A History Of Reel Sex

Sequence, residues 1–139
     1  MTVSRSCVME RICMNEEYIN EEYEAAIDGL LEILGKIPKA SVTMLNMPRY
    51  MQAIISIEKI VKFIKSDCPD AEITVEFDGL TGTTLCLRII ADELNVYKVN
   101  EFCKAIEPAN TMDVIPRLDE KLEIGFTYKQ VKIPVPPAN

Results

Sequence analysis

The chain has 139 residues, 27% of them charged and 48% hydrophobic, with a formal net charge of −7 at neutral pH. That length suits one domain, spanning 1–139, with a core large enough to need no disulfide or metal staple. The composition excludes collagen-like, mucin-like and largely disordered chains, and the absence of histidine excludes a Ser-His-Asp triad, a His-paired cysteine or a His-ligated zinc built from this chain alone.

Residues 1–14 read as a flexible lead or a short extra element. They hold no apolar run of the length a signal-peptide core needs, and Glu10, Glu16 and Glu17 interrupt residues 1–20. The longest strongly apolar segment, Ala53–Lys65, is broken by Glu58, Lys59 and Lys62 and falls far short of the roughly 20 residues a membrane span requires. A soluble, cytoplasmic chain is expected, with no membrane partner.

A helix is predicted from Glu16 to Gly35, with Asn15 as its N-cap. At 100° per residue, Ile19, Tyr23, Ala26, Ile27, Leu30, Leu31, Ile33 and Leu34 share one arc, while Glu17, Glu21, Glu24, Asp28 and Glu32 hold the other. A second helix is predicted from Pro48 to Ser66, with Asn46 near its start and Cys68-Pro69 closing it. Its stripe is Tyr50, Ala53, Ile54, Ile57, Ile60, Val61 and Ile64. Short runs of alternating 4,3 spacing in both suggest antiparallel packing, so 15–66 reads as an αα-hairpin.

Ev'rybody knows when you go to the show, You can't take the kids along. You gotta read the paper and know the code Of G, PG, and R, and X, And you gotta know what the movie's about Before you even go. Tex Ritter's gone and Disney's dead and the screen is filled with sex!- "Whatever Happened to Randolph Scott?"Thanks to the introduction of the NC-17 rating, the code you gotta know before you go to the show has grown more complicated since 1973, when the Statler Brothers made this nostalgic little ditty into a hit. At the time, they were riding the crest of a pop-culture wave, of course, one that had lots of entertainers and filmmakers scoring big off the public's uneasy sense that something, somehow, had gone wrong with the way we lived, and that in some not too bygone decade we might have led better and happier and more upright (does that mean less horizontal?) lives. Or at least have dressed better. These were the double-knit, blow-dried '70s, after all, and the fashions of the times might have provided an additional incentive to take refuge in a natural-fiber era. And that's one of the things we did at the movies. Among the films of '73 nominated for Best Picture Oscars were the denim-chinos-button-down classic American Graffiti and the straw-hat-striped-shirt-braces classic The Sting. Or if nostalgia wasn't your thing, perhaps you could take refuge in undress. Among 1973's films not nominated for Best Picture - though it did garner nominations for acting Godfather Marlon Brando and new kid on the block Bernardo Bertolucci - was the X-rated Last Tango in Paris, one of a long line of films so notoriously, trail-blazingly explicit that the puritanically inclined could confidently damn it without having seen it. Last Tango not only renewed the long-standing polarization between culture-warriors and the avant-garde; it initiated many moviegoers into sexual practices they hadn't seen before, bathing common household substances in a new erotic light. While Robert Altman wondered how he'd ever dare to make another movie after Bertolucci's display of show-all honesty, demure diners-out wondered whether they'd ever again dare ask their neighbors at table to pass the butter. But when Pauline Kael of The New Yorker called Last Tango "liberating," she sounded a note that reinforced what a lot of us had come to believe: that official culture's selective denial of sex, and the chilling effect that this denial had on the lives of millions of people, served to uphold a carefully maintained hierarchy of race, class, and gender that seemed at odds with the American genius for democracy. Going to a show wasn't likely to topple the pyramid of power, of course, any more than sitting cross-legged in a circle and chanting was likely to levitate the Pentagon. But it was worth a try. And after all, what have the movies always been, even before they were the movies, if not a glorified peep show, a tantalizing means of escape from the numbing drudgery of the industrial age, the loneliness of the crowd, and the forbidding glare of the authorities? Back in the days of the nickelodeons and store-front arcades, when film first declared its independence, becoming something more than just another number on a vaudeville bill, the first exhibitors' "Bibles" instructed industry neophytes in the art of choosing a neighborhood in which to launch a successful business: You wanted an area with a solid working-class population, a minimum of ethnic conflict, and as few churches as possible. (One of the earliest complaints about the store-front theaters was that they were open on Sunday afternoons.) True to its roots in the more vulgar forms of entertainment that flourished in the 1800s (and indeed right up to the time that the movies themselves became the first of the mass entertainment media to transform the popular culture of our century), the promise of film has always been to show us the forbidden, to "go all the way," as the promos for Paul Verhoeven's soon-to-be-released Vegas expose Showgirls suggest this latest NC-17 film will. Full (or at any rate increased) exposure - that's what audiences have been expecting in film ever since the heyday of the silents. There are topless participants in the Babylonian orgy in D.W. Griffith's 1916 Intolerance. What brought folks to the movies was a hope not too different in kind from the one that inspired daring souls to turn off the midway and slip into the gents-only sideshows that were still a part of the county fairs of my youth. The promise held out by those shows was that they'd feature an exotic dancer or two who'd bare their all for the admiring crowd. Sure, those shows were basically a big tease, but their failure to go all the way was compensated for by the thrill of sneaking in, doing something forbidden -- to say nothing of the bragging rights conferred or the sensations that might be triggered afterward merely by the mingled odors of sweat, sawdust, and perfume. How skillfully have the movies, heirs to the sideshows, learned to manipulate the shifting rhythms of expectation, substitution, compensation, and satisfaction that carry us from that first encounter with a one-sheet, through the ticket line, and on into the dark, again and again. And again it was Pauline Kael who said it best, capturing the sexual overtones of moviegoing in a single telling phrase: "There is nothing like that moment when the lights go down... " There's always been a covert allance between the forces of repression and the prurient interests seeking to outwit them. Prohibition itself is a tease, a means of titillation, and any "thou shalt not" that's explicit and detailed enough to do its job has to name the very things it's trying to protect us from, and hence starts doing the enemy's work for him. Time was when religious booksellers stocking the manuals used by priests to guide their hearing of confessions had to check their customers' clerical IDs. The manuals were so explicit, it seems, that it was feared reading them might lead to impure thoughts on the part of mere laymen. Pity the poor censor who has realized that just about every word, image, or gesture can take on a sexual meaning if it's given the right inflection, seen in the right light. There's a story from the golden age of television about the network official who blue-pencilled a reference to avocados in a comedy skit. When the writers asked what was wrong with the line, the official indignantly replied, "Have you ever seen an avocado?" You wonder how the poor man survived a walk through the produce section of his neighborhood supermarket. For that matter, there's something equivocal about the Statler Brothers song lamenting the passage from the screen of good clean family entertainment (or at least what we took to be good clean family entertainment before the watchful eyes of the morals police pointed out that some malign force had written "S-E-X" in one of the background clouds in the animated Aladdin). The words and music of "Whatever Happened to Randolph Scott?" are plaintive, but at the end of the first verse, it's hard not to hear a ringing tone of affirmation in the singers' voices as they hammer down on the last word: "...and the screen is filled with sex!" Hooray for that! they seem to be saying; it's what we'd wanted all along from the movies. And anyway, what was Randolph Scott really up to when he was "riding his horse alone"?Wrong entertainment lowers the whole living conditions and moral ideals of a race. Note, for example, the healthy reactions to healthful sports, like baseball, golf; the unhealthy reactions to sports like cockfighting, bullfighting, bear baiting, etc. Note, too, the effect on ancient nations of gladiatorial combats, the obscene plays of Roman times, etc. - The Motion Picture Production Code (1930)In the eyes of the censors it wasn't just working-class prurience that threatened, through creating a market for "wrong entertainment," the moral purity and social well-being of America; it was that convenient, elastic scapegoat, foreign influence. Consider the lists of "healthful" and "unhealthy" sports that figure in the passage from the Motion Picture Production Code cited above. In the former camp were two WASP inventions, the national pastime and the leisurely, gentlemanly sport that Mark Twain once called "a good walk spoiled." In the latter, along with the sport that led to the creation of that indispensible English national icon, the bulldog, there were a couple of blood sports that took their origin from somewhere to the south, in the Mediterranean basin (and one of these, be it noted, had a highly suggestive name). And how else could this passage end but with the obligatory glance at history's most lurid example of national depravity and decline, Roman decadence? Nor have the descendants of the ancient Romans been slow to keep up their interest in the dark side of sexuality. Starting with Boccaccio's (a literary masterpice whose raunchier bits were given an explicit treatment in Pasolini's 1970 film), Italy gave birth to the very best of Renaissance erotica, and in the 18th century Casanova's scandalous memoirs found eager readers all over Europe. Closer to our own time, in the early 1900s, Italian filmmakers used Biblical and near-Biblical epics to justify the same mixture of preachment and gratification that D.W. Griffith went for in Intolerance. And after the bloody collapse of Mussolini's Imperium Romanum Redux, directors like Fellini and Antonioni created films that showed just how far Roman decadence could go even without an empire to subsidize it. In 1960, the same year that saw the creation in America of the birth-control pill and hence the beginning of what would later be known as the sexual revolution, Federico Fellini earned the right to be considered the first collector of Eurotrash with the international cast and expose-style sensationalism of La Dolce Vita. Anita Ekberg and Lex Barker weren't merely playing characters in Fellini's film; they were there as pop-culture icons, as signs of the times, the Swedish sex kitten and the jungle man minus his loincloth, and Fellini's camera paid extravagant homage to Ekberg as she climbed the dome of St. Peter's and cavorted in one of Rome's celebrated fountains. What Ekberg, Barker, and the other Beautiful People in La Dolce Vita signified was the arrival of an age in which sexual desire no longer served the interests of sacred or secular powers (represented in the film by effete noblemen and empty churches) and hence no longer need be presented as something off limits, mysterious. Desire in the contemporary world was simply one more demand to be satisfied by an all-encompassing market economy, and anyone who could pay the price, either with hard currency or a time-honored title or a celebrity's face or an intellectual's reputation, was entitled to a piece of the action. For Fellini, shooting a film was a process akin to dreaming, a waking wish-fulfillment that was more like play than work, and his most memorable images carry a symbolic charge that's never without an erotic component. Whether we're being shown the broad black-clad back of Saraghina singing lustily to herself on the beach in Fellini's 8 1/2 or the heavy breasts of the carved sphinxes flanking the entrance to the house where Giulietta Masini confronts her buried desires in Juliet of the Spirits, we're aware of Fellini the dreamer, imagining it all and taking delight in the play of his imagination. At the end of the '60s, Fellini paid tribute to the decadence of old Rome with Fellini Satyricon, a film whose hybrid title evokes the extent to which Fellini's personal approach to filmmaking has caused him to forsake any mere adaptation of his source, a satiric novel penned by the Emperor Nero's adviser on matters of taste. Extravagant in its celebration of the fantastic and the grotesque, Fellini's film almost succeeds in making the Satyricon unintelligible; the most straightforwardly scatological or sexual scenes are transmogrified into something as slow and stylized as Kabuki. I remember seeing Fellini Satyricon when it first came out in this country, at an art theater near a college campus, and the film was nearly over when a student in the audience suddenly called out, "Hey! Dese guys are fairies!" It seems as though he should have noticed what the young protagonists of the film were up to several reels earlier. Fellini's ambivalence seems positively old-fashioned alongside the minimalist eroticism of his contemporary Michelangelo Antonioni. The latter's L'Avventura came out in 1960, the first in a trilogy of films that came close to embodying that bugaboo of the moral watchdogs, meaningless sex. In the last of these films, L'Eclisse, Alain Delon and Monica Vitti, who've embarked on an affair, agree after a night of passionate love-making to meet the next day, same time, same place. The next afternoon, the camera takes us to their meeting place, a lonely bench by a lonely lamppost, to await their arrival. Neither shows up. The trilogy that included L'Avventura and L'Eclisse brought Antonioni a mixture of rave and hostile reviews that secured his place in the avant-garde, but it was the 1967 film Blow-Up, the director's first foray into English-language filmmaking, that secured him a place in the history of sex in the movies, thanks to its blend of metaphysical mystery (did photographer David Hemmings accidentallly shoot evidence of a murder, or didn't he?) with nearly gratuitous sex that symbolized the liberation of swinging London. But while many viewers found Blow-Up's supreme titillation to lie in the scenes of Hemmings cavorting with two naked teenage girls who'd come to his studio to get modeling jobs, others were moved by the eerie sensuality given off by Vanessa Redgrave as the mystery woman who comes to the studio to get back the possibly incriminating pictures Hemmings has taken. Redgrave sways and stumbles as she crosses a room, as though she's sleepwalking or otherwise under the spell of an unconscious compulsion. She's like an addict who can't even put a name to the drug she's hooked on, and the mixed attraction and repulsion with which she approaches Hemmings alludes grandly, provocatively, to the presence of sexual bondage beneath the film's cool, detached, mod surface.Love as it exists in society is nothing more than the exchange of two fantasies and the contact of two epidermises. - Nicolas-Sebastien Chamfort (1741-1794)Stuart to Eddie in Threesome as they're on the verge of getting busy: "There isn't going to be any intimacy." Eddie to Stuart: "That's okay. The empty sex will be fine." For many of us, then, the '60s were a time when we went to the Italians for our schooling in sexuality. They were the logical choice among the dread foreign influences. The Swedes, who sent us the two I am Curious films, were too simple, and the French were too complicated and full of sentiment. And as the '60s ran their course and turned into the '70s, the curriculum toughened and diversified. The lesson had an especially political feel in Pasolini's Teorema, which came out in that revolutionary year 1968, when it seemed as though the youth of the world were all going on a general strike. In Teorema a young man (Terence Stamp, who'd previously been paired with Antonioni's ennui poster girl Monica Vitti in Joseph Losey's sexy spy spoof Modesty Blaise) seduces one by one all the members of a stuffy middle-class family, destroying them in the process. The film seemed important, challenging -- I recall one member of the audience sitting just ahead of me who said, "Yeah, unh-hunh, got it," after every seduction, as though the film really were the mathematical demonstration implied by its title -- though in reality its message boiled down to something like this: If you don't recognize and act on your sexual impulses, they'll take distorted forms and you'll end up a catatonic, a pervert, or a levitating saint (think of it as a simple inversion of the notion that if you masturbate you'll go blind). A few years later, Bertolucci's Last Tango in Paris was telling us that sex is one hell of a way to get through a mid-life crisis. This may be where the fears of the censor converge with those of the sensualist: the point at which sex ceases to be a place where desire and power come together and becomes just another bodily function. Chamfort, a countryman and contemporary of the Marquis de Sade, reduced the whole complicated business of sex to the activities of just two organs: the head, which spins out fantasies, and the skin, which acts as the site of neural stimulation. In the '60s, we had a name for people who took up this radically simple view. They were polymorphously perverse, setting at naught the complicated, easily disturbed mechanisms summed up in the Latin jawbreaker genitalia, ignoring as well that distinction between male and female on which so much sexual anxiety depends. All that remained to do on this view was to come up with the satisfying fantasy, the right other skin. To some, Chamfort's position seems dangerously subversive (if widely accepted, it would have the incidental effect of driving most psychoanalysts out of business), but it does provide an elegant account of what matters in most people's sex lives. Is there, finally, any news about sex that moviegoers need to be told? In 1969 American screens seemed to explode with such news. Consider Midnight Cowboy, whose X rating meant police in the theater aisles when it was shown in Boston, but nonetheless managed to achieve box-office success and a Best Picture Oscar. The big news in that film (aside from the fact, not widely noticed till then, that Dustin Hoffman could act) seems to have been that there were hustlers along 42nd Street -- as even casual visitors to the Big Apple had known for some time. Non-nominees for the Best Picture included Lindsay Anderson's If..., with its revelation that sexual activity went on in English boarding schools, and two counter-culture classics, Alice's Restaurant and Easy Rider. At the close of the Academy Awards telecast, Bob Hope pleaded with viewers not to take the protagonists of the year's honored films as models for emulation ("I need a gun quick; my girlfriend and I are entering this dance marathon, see, and..."). From time to time since the turbulent '60s, moviegoers and protestors have again met at the barricades, often in response to a film perceived to demean a sexual minority, sometimes in response to one that offends religious sensibilities. Martin Scorsese's Last Temptation of Christ (in many ways a throwback to the films of the '60s) brought out the demonstrators in force despite its scrupulous adherence to the letter of Hebrews 4:15 (Jesus resists the temptation represented by the fantasy in which, renouncing crucifixion, he opts for a long, happy life of practicing family values with Mary Magdalene). As long as the ties linking sex to power and mystery can be maintained, so long will skirmishes like this one take place in the culture wars of our time. And after that, who knows? Maybe Chamfort will finally have his day, and sex find its rightful place among life's ordinary, uncomplicated pleasures.